"I would say is at the top of the heap when it comes to a paid subscriber base online," said Lisa Allen, principal analyst for the technology research firm Forrester Research Inc. "Very few publishers or programmers are able to command any payment for content online."

Now, Guest said, CU is looking to start up specialized e-newsletters that can be geared to targeted audiences, such as new parents, first-time homeowners or aging baby boomers. The group also is experimenting with providing its ratings over personal digital assistants, so consumers can take the data with them when they shop.

"In the past, we used to be somewhat monolithic -- one size fit all," he said. "Now we can tailor to individual needs. The Web makes it all possible."

And he views the new lobbying efforts as a way to seek a national voice on health care, financial and telecommunications services and product safety issues.

The Austin, Texas, and San Francisco offices are being encouraged to take their legislative successes, such as the California office's recent victory in getting public quality ratings for health care procedures, to other states.

In Washington, the organization took the unusual step last summer of publicly opposing the presidential nomination of Mary Sheila Gall to the chairmanship of the Consumer Product Safety Commission.

"The goal is to have an impact on the marketplace . . . if not through information, then through advocacy," Guest said.

His ultimate goal, he said, is to turn CU into "the consumer champion" -- to provide people with information to help them make effective buying choices. Informed consumers, in turn, will press manufacturers to make better and safer products and provide more equitable and cost-effective services, he said.

Guest is not widely known in the business world, but the low-key executive is no stranger to CU. For the past 21 years, he has been board chairman and on the committee assigned to find a replacement for former president Rhoda Karpatkin when she retired. After a number of interviews with other candidates, some other members of the search committee asked Guest if he was interested in the position.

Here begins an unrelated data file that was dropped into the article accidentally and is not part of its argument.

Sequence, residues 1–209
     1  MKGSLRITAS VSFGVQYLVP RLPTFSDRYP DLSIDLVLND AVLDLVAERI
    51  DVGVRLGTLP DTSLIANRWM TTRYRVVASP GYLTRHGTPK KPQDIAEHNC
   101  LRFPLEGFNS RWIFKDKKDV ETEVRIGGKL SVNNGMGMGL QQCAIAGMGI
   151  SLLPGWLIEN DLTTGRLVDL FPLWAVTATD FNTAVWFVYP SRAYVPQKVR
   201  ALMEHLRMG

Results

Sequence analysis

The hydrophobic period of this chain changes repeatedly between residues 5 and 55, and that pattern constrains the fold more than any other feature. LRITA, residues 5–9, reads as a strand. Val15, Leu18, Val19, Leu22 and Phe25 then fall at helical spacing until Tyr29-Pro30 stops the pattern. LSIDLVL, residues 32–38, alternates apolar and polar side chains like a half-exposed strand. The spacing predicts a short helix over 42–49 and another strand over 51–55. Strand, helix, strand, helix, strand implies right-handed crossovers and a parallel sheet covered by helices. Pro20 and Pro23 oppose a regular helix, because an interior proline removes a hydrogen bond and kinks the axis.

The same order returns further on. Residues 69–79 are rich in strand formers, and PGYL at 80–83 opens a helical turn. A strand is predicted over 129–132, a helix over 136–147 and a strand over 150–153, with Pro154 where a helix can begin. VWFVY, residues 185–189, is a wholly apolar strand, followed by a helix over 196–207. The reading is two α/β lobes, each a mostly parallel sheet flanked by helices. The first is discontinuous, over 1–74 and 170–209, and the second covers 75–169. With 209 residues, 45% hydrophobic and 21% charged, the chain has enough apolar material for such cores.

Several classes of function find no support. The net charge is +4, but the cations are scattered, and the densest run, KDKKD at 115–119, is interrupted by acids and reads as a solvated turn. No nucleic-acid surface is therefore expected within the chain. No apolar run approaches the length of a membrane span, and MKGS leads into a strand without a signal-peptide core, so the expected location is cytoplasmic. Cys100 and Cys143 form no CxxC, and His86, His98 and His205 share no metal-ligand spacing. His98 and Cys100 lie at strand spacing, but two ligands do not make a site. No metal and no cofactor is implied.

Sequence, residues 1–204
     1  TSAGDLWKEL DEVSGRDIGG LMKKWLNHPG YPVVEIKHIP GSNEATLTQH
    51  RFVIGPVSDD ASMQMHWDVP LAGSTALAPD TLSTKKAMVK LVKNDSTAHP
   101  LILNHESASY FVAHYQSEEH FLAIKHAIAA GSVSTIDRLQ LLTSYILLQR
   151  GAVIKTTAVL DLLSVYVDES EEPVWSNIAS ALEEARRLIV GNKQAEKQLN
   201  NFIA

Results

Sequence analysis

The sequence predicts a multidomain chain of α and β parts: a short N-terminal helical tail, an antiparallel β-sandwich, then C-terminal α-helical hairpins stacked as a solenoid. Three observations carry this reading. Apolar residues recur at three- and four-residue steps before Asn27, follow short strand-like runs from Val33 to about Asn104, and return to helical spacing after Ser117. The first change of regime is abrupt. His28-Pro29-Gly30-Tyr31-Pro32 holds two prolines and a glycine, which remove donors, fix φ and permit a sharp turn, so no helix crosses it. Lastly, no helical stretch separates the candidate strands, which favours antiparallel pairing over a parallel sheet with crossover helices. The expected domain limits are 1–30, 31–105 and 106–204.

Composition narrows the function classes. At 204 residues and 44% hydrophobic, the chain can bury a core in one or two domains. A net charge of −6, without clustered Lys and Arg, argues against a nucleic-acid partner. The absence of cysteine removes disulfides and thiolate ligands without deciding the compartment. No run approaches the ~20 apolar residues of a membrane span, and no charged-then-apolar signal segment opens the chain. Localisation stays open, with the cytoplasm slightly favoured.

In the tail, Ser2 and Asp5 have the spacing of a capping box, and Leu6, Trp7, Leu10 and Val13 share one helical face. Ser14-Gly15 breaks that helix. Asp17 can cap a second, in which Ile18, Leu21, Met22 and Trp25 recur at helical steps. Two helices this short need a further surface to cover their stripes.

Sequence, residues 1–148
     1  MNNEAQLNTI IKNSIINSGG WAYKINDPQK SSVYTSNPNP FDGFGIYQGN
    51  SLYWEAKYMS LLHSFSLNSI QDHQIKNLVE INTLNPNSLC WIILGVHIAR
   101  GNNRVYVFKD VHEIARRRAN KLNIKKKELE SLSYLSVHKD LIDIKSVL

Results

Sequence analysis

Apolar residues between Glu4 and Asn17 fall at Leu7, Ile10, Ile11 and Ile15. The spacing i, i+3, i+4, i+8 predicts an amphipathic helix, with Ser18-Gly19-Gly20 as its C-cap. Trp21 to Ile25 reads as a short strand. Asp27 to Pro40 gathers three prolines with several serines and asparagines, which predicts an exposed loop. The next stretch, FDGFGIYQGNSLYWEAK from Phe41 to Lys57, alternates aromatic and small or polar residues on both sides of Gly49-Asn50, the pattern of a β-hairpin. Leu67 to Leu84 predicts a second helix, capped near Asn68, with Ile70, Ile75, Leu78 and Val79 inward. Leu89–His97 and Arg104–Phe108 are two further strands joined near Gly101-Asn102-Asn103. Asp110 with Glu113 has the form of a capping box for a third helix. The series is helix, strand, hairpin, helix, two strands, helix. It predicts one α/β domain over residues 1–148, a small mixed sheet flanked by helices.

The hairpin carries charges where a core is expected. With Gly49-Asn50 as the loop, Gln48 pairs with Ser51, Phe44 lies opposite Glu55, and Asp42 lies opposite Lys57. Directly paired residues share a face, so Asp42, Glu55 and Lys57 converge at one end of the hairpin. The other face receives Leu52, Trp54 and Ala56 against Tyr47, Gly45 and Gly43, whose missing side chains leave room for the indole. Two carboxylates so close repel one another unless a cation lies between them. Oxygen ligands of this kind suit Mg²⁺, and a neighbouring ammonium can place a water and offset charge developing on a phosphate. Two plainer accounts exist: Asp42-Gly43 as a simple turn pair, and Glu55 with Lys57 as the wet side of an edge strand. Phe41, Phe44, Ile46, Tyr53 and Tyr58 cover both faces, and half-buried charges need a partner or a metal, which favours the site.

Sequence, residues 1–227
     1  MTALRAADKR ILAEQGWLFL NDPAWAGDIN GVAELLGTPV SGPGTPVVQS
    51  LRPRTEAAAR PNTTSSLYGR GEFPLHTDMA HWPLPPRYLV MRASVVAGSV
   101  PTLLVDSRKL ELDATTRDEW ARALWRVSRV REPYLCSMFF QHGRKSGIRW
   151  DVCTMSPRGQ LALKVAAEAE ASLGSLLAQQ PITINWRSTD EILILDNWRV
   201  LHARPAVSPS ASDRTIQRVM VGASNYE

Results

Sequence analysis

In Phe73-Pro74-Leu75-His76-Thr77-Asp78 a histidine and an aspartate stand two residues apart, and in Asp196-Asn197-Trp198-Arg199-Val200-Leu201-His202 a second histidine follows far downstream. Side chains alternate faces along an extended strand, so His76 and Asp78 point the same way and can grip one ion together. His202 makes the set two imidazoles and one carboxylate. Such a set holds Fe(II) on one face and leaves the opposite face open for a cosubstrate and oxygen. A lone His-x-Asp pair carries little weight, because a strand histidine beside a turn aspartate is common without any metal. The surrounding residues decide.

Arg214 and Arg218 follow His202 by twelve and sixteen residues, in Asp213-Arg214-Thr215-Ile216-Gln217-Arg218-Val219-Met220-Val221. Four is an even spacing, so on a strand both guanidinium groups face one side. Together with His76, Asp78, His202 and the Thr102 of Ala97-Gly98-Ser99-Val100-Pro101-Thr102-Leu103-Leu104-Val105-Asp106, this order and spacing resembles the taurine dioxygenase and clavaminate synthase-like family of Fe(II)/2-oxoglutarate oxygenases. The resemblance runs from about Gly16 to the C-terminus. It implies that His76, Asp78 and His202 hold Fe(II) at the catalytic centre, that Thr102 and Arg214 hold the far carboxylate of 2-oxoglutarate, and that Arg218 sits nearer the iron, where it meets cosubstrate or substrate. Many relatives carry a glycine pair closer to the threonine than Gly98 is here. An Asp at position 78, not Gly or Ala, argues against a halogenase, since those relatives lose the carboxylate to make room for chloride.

Before joining CU full time at an annual salary of $304,000, Guest ran the 3-year-old American Pain Foundation, which he founded to be a consumer information and advocacy group for pain management and prevention. He worked earlier in senior positions at other high-profile advocacy organizations, including Handgun Control Inc. and Planned Parenthood of Maryland.

Demographically and economically, the growing emphasis on CU's Web site makes sense. The median age of the magazine reader is 56 and about two-thirds of the readers are male. Median household income is about 75 percent higher than U.S. residential households in general.

In contrast, the median age of CU's Web subscriber is 43 and the typical household income is more than twice that of all U.S. households.

The Web site has an added advantage: It doesn't have the ongoing printing, paper and postage costs of the magazine.

But Guest said CU doesn't plan to de-emphasize, much less scrap, the magazine. "For CU, the future is both" the magazine and the Web site, he said.